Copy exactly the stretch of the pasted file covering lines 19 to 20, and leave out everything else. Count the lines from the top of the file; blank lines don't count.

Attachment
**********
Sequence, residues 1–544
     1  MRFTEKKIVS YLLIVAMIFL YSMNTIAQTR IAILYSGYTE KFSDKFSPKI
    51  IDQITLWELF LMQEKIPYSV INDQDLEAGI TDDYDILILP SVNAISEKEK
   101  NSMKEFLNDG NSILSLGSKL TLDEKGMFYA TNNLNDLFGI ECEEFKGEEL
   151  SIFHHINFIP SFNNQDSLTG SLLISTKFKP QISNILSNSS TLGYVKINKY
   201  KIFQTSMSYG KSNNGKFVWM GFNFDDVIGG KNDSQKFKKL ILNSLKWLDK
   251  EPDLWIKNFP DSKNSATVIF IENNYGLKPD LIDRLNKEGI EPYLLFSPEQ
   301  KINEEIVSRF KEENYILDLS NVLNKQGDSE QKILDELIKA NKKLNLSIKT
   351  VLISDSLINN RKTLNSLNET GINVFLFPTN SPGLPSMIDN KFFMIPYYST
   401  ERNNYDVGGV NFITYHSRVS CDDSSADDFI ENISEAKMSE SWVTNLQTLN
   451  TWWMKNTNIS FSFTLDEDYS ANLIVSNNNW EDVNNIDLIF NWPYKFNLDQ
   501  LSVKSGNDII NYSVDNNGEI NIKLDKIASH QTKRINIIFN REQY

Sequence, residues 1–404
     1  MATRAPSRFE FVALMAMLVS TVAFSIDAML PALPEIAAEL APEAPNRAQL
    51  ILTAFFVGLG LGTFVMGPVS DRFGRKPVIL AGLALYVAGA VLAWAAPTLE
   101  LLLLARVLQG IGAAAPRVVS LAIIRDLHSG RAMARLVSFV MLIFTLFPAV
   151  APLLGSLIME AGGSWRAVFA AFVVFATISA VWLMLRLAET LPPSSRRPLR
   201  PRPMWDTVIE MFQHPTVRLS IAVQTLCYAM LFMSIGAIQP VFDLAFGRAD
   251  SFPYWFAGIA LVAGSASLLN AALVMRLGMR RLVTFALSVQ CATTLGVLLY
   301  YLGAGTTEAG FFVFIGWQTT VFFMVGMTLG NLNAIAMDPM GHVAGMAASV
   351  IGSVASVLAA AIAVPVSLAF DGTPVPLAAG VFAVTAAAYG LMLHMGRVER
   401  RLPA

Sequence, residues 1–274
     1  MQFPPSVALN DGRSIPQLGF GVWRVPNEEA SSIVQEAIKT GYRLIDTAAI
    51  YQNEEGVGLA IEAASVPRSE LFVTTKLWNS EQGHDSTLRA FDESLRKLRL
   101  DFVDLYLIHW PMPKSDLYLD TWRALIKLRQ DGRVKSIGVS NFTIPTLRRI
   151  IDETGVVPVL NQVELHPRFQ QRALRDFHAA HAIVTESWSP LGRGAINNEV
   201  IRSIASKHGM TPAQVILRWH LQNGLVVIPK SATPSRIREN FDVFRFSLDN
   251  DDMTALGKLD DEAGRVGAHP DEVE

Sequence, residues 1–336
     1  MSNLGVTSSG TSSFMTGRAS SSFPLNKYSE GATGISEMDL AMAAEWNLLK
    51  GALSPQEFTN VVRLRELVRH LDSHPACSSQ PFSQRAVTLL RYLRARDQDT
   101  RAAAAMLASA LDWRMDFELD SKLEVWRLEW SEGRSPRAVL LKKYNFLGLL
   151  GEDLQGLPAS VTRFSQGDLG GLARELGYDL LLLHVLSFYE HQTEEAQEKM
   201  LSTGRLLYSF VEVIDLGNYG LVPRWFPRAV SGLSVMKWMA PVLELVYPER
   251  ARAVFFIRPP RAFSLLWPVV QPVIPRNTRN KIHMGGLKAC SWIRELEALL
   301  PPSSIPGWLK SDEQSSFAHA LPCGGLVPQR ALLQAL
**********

   251  SFPYWFAGIA LVAGSASLLN AALVMRLGMR RLVTFALSVQ CATTLGVLLY
   301  YLGAGTTEAG FFVFIGWQTT VFFMVGMTLG NLNAIAMDPM GHVAGMAASV